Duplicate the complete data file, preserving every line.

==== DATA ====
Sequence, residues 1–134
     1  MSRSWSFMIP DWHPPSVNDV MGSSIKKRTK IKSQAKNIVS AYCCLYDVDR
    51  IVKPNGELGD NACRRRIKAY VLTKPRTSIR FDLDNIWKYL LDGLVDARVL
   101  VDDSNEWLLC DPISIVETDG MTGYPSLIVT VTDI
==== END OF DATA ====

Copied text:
Sequence, residues 1–134
     1  MSRSWSFMIP DWHPPSVNDV MGSSIKKRTK IKSQAKNIVS AYCCLYDVDR
    51  IVKPNGELGD NACRRRIKAY VLTKPRTSIR FDLDNIWKYL LDGLVDARVL
   101  VDDSNEWLLC DPISIVETDG MTGYPSLIVT VTDI